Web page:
Sunday, July 18, 2010

a real mystery in our living room & the secret of the junkyard shadow

The Secret Of The Junkyard Shadow (Cabin Creek Mysteries)One December night long ago, my little brother and I woke to a clunk and clanging. We lived at the beach and from our open bedroom window could hear the familiar sounds of the surf and foghorn, but this noise was new. Maybe Santa had come early! It was almost Christmas. Our parents were asleep, apparently not aware of the commotion. We crept out to the living room to investigate, leaving our sister safe in her crib.

Santa had been there! But instead of toys he had left behind a bunch of black boxes in various shapes. We opened the lids, astonished to find a shiny musical instrument in each box, nestled in blue velvet. There was a trumpet, a trombone, flute, clarinet, and a saxophone. We bumped into some brass cymbals, which finally roused the household.

I don't remember my parents' reaction except that they called the police. After all, a stranger had broken into our home!

This curious event from my childhood inspired The Secret of the Junkyard Shadow. In this Cabin Creek adventure, folks are perplexed about broken items showing up on their porches in good repair. It takes much sleuthing for the cousins to solve this mystery, but a lot of nice things happen along the way.

Back to our living room. It turned out that a musician from a beach club had volunteered to deliver all the instruments to a friend's home. It was late and dark and he was on the wrong street. So when he found the house with the porch light on and the front door unlocked, he figured he'd found the right place. 

p.s. I've been accused of stretching the truth to have fun with a story, but not here. Yesterday I verified this one with my mom while we were drinking coffee and playing Bananagrams. You can ask her :)

Sunday, July 4, 2010

our 1st indepence day, philadelphia 1776

Five Smooth Stones: Hope's Revolutionary War Diary (My America)(Book One)On a hot and humid July 4th, 1776, a horseman brought worrisome news to Philadelphia: ships carrying 10,000 British soldiers had landed in New York. Redcoats were now camped on Staten Island, just one day's ride by horseback. Meanwhile, a printer named John Dunlap worked through the night making copies of the Americans' letter to King George III, their declaration of independence from England.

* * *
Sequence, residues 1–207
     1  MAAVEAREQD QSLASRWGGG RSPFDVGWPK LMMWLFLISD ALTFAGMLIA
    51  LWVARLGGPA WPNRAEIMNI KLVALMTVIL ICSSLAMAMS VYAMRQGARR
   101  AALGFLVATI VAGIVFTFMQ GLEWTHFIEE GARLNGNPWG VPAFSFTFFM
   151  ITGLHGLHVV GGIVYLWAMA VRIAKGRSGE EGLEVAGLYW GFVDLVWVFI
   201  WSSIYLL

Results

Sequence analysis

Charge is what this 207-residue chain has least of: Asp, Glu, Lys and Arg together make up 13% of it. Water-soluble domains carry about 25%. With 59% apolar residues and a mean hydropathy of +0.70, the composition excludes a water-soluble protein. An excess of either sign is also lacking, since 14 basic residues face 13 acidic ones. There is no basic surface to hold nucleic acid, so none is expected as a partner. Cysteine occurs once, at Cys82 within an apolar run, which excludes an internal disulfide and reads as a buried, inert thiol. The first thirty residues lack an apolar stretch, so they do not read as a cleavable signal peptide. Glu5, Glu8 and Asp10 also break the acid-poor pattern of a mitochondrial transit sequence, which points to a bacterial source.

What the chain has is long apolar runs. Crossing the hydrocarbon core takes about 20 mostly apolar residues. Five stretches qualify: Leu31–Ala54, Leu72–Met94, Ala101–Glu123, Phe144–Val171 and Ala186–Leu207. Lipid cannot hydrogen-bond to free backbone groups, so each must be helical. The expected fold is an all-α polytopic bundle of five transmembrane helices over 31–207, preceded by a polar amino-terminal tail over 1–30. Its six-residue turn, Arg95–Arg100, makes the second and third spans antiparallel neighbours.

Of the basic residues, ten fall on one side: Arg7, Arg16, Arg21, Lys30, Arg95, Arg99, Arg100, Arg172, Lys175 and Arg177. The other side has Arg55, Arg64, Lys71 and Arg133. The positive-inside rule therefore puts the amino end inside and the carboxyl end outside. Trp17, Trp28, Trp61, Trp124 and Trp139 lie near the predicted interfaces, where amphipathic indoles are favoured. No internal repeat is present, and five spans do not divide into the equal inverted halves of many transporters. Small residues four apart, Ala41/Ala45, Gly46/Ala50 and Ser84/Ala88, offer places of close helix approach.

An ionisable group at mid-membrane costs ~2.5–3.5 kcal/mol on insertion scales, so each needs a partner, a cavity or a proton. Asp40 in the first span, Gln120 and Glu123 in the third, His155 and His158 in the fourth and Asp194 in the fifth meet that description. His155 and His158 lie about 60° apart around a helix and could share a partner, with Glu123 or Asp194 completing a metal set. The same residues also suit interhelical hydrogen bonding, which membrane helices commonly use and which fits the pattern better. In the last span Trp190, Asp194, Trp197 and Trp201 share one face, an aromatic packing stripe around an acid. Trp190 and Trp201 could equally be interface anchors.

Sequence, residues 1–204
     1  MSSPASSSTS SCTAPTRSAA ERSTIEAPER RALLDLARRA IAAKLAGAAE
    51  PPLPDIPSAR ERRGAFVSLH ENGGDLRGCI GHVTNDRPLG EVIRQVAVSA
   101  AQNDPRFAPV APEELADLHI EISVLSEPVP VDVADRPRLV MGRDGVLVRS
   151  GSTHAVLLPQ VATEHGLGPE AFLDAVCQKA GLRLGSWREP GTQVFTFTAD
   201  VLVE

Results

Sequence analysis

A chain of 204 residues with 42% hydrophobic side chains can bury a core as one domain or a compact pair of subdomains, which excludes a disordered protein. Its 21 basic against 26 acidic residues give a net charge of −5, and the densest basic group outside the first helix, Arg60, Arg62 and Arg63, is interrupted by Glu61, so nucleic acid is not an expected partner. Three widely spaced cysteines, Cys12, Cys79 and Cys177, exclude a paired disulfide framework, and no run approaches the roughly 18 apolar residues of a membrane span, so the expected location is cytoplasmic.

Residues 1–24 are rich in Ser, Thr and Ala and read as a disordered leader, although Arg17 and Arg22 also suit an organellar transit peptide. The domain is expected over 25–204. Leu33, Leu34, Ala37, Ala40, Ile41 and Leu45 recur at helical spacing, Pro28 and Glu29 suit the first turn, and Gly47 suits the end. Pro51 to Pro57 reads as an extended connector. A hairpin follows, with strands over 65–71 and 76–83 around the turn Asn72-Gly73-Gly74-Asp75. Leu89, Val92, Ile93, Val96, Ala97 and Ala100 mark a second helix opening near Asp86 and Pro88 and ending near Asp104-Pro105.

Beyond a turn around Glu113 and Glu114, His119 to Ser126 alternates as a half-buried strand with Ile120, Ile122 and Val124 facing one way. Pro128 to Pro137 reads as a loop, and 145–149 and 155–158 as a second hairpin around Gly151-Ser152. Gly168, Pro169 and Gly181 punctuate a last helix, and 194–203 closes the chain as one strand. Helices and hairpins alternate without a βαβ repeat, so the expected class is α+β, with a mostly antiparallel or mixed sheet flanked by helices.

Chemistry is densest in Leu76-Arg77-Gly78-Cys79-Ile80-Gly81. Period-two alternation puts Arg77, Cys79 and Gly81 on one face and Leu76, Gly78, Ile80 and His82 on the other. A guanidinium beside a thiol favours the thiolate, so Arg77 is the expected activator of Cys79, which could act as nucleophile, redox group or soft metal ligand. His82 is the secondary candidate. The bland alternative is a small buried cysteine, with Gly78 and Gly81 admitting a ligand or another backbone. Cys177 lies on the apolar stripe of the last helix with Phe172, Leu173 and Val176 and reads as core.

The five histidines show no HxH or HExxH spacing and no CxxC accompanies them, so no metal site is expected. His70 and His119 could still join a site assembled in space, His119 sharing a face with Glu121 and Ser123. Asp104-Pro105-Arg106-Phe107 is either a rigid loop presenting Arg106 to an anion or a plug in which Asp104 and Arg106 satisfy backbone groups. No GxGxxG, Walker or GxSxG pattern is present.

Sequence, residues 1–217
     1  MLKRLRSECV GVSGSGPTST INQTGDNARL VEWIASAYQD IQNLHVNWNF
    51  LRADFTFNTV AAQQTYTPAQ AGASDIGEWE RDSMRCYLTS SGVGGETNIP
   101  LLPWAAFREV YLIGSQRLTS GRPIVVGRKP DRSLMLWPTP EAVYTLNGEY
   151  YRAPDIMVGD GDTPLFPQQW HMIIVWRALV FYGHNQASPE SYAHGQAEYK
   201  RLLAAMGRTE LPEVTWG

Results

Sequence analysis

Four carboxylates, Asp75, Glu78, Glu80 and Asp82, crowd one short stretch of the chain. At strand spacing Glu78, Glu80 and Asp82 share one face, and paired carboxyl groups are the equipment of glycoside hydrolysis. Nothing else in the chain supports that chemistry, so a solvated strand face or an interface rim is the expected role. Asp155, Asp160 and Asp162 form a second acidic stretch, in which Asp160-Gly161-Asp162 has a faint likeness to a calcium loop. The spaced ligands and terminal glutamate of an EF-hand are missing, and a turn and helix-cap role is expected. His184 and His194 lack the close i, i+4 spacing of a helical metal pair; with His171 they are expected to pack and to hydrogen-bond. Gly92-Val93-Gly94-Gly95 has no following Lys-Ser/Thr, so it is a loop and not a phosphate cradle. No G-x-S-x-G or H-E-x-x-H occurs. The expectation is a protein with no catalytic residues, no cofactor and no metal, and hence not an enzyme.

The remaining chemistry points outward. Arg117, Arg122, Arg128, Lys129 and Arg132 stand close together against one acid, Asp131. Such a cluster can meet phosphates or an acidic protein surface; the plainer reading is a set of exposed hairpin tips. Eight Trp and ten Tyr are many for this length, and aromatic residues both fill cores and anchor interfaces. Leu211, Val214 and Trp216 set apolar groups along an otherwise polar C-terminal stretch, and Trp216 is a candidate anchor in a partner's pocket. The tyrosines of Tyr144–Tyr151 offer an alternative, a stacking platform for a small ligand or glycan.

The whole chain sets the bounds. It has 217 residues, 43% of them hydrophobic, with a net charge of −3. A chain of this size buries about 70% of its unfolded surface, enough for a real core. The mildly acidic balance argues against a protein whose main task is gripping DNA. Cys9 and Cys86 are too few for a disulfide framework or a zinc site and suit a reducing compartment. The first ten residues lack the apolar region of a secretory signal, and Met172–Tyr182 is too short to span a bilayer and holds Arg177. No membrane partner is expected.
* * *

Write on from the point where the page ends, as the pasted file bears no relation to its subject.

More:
In Five Smooth Stones: Hope's Revolutionary War Diary,  nine-year-old Hope and her mother sit in their garden, in the shade of their tall brick house. They read this letter to each other, which calls King George cruel and unfit to be the ruler of a free people. "Our country has a new name," Hope writes in her diary, "the United States of America. No longer will we call ourselves an English colony."

It took days for this news to reach every farm and village, but soon patriots were ringing bells from all the church steeples. They were reading the Declaration of Independence to one another, from courthouse steps and from the saddles of express riders stopping along dirt roads. With the exception of Loyalists, Americans were jubilant. They blasted cannons and tore down the royal flags of England, setting them on fire, and destroyed statues of King George. Blacksmiths carted away the chunks of iron to melt down for bullets to use against the enemy: This war for independence would continue until 1781.

Hope memorizes the words treasured by so many of us: "We hold these truths to be self-evident. All men are created equal. Their Creator gives them certain rights. Among these rights are life, liberty, and the pursuit of happiness."      Happy Independence Day, everyone!!